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Writing Skyscapes

Unit(s) of assessment: Geography, Environmental Studies and Archaeology

Research theme: Global Heritage

School: School of Science and Technology


Most scholarly research focuses solely on the historical engagement with the sky, with contemporary cultural engagement remaining neglected. In cultural astronomy the heritage of the night sky is seen as being entirely lost in modern western societies.

Addressing the Challenge

We organise and facilitate a 2 day workshop for up to 14 academic and non-academic participants in collaboration with Royal Observatory Greenwich and Creswell Crags Museum, both rich in heritage but quite diverse in their setting. They contrast historical time and picturesque settings against industrial modern environments. High profile experts and poets provide an extra dimension to these fully immersive writing environments.

In addition, we will host an exhibition of the images shortlisted in the Insight Astronomy Photographer of the Year (IAPY) Competition 2018. Written outputs of the workshop will be exhibited alongside the images.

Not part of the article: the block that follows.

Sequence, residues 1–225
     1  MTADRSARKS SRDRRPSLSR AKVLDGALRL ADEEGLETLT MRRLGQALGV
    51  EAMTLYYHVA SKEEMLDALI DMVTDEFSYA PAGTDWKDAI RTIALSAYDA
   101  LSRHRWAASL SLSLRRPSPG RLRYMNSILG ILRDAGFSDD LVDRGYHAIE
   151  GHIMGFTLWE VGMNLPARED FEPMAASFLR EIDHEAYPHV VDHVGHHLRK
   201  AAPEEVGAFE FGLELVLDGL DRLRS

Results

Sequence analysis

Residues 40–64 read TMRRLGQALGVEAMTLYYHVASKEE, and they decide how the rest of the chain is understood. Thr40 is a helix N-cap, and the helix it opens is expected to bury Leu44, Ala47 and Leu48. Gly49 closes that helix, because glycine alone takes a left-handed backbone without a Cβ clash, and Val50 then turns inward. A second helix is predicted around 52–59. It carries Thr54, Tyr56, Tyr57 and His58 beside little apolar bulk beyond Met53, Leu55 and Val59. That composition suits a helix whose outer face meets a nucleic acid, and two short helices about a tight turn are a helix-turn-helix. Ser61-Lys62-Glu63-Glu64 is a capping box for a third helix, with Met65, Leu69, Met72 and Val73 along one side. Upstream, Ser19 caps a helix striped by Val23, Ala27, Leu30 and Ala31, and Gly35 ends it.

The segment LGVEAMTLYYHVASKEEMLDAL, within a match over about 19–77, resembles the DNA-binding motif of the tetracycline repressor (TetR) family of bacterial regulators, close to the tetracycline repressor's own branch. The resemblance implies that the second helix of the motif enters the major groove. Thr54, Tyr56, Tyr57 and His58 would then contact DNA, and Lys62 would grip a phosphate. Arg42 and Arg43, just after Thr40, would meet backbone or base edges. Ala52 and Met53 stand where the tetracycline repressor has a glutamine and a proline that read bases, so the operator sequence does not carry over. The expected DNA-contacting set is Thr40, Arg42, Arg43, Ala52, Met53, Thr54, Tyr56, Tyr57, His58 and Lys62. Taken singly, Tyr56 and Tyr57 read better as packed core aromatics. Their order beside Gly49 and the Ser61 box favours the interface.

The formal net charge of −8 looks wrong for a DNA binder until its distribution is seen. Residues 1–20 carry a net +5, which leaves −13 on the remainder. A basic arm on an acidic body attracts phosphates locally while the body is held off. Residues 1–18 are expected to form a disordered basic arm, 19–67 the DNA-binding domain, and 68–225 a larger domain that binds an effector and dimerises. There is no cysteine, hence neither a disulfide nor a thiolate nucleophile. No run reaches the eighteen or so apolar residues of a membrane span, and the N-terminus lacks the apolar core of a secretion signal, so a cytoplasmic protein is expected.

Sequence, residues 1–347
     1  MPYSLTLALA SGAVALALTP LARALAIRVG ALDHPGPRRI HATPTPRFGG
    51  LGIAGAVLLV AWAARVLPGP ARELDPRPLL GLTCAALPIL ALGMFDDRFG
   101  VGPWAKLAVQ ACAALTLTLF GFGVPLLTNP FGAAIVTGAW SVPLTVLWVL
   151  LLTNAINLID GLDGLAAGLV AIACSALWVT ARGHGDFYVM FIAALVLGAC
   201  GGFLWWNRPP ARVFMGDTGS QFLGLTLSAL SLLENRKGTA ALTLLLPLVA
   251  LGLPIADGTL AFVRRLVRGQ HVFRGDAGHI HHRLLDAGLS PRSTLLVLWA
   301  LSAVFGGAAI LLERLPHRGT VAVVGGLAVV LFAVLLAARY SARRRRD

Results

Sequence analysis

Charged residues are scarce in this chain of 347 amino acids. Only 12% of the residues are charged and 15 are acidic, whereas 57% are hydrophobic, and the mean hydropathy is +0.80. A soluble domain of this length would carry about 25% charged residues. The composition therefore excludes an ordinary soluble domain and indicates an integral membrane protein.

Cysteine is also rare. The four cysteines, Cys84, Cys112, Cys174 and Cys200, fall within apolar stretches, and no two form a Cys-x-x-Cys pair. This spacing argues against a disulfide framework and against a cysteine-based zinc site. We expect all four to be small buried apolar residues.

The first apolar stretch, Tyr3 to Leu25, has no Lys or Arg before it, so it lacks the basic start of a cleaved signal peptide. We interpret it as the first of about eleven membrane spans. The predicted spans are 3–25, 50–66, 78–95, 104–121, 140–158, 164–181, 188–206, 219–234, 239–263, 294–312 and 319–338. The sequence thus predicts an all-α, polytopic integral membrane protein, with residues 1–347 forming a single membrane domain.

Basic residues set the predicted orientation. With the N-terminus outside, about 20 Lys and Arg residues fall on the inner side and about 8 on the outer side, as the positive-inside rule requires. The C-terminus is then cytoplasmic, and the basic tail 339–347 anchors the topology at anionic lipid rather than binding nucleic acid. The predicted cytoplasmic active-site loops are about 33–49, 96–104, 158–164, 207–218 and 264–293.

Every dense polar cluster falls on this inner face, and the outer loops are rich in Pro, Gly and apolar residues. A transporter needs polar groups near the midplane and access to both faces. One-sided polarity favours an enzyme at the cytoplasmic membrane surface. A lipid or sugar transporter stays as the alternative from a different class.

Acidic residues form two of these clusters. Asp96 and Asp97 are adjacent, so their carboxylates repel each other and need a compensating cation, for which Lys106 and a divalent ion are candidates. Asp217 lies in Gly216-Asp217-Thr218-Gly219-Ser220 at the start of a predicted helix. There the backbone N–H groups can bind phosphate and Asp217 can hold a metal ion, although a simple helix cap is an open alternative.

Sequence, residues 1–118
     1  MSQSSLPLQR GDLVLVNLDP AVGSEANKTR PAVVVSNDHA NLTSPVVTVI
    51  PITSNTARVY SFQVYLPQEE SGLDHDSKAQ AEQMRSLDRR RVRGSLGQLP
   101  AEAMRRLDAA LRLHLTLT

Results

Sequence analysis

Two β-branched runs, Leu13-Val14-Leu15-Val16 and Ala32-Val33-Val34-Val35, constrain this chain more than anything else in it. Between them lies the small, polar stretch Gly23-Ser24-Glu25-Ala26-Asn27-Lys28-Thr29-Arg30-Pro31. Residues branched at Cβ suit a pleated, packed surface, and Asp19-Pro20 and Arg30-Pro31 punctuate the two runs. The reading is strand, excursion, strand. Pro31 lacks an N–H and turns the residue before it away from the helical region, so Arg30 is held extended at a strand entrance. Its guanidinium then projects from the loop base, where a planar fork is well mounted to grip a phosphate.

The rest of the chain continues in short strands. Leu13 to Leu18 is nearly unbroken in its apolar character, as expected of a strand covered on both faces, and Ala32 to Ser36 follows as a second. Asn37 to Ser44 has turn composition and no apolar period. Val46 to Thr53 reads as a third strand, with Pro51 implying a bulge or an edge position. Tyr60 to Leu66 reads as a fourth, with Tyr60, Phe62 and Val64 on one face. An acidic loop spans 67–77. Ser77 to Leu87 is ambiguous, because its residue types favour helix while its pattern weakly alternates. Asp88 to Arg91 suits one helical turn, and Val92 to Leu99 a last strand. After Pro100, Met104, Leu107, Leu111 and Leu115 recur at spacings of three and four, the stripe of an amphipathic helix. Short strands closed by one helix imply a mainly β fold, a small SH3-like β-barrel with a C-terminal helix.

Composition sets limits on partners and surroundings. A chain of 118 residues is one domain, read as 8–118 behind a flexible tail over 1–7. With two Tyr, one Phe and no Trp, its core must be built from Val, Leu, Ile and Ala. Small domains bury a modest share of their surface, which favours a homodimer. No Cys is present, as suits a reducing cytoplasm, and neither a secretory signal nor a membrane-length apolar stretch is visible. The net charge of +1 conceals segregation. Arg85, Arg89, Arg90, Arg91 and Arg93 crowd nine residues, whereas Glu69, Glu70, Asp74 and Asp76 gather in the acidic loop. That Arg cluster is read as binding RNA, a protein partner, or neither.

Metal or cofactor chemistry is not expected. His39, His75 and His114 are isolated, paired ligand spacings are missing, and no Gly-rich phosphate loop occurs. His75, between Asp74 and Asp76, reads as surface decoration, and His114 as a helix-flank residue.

The team is led by Associate Professor Daniel Brown who is an astronomer, together with Associate Professor Sarah Jackson, Professor Phil Leonard and Joanne Dixon who are base in the English department.

Daniel has extensive experience in working on Skyscapes both pre-historic and contemporary including work on the IAPY competition and is currently working on an edited volume on “Visualising Skyscapes”. Phil Leonard works on technology, globalisation and orbital culture soon to published in a monograph, Orbital Poetics. Sarah Jackson has extensive knowledge on writing and technology.

Making a Difference

The project will bring together an interdisciplinary group of researchers and non-HEI institutions to develop stronger working relation as well as establishing a more detailed research question to capture and explore the contemporary sky(scape) experience.

Our project and resulting AHRC network grant and CDA will noticeably change this perception and lead to a promising environment in which cultural astronomy can be critically embedded within a modern context. This would also allow institutions such as the Royal Astronomical Society to include a more robust heritage agenda within their work. It could also support a sky interpretation for museums that have not done so in the past.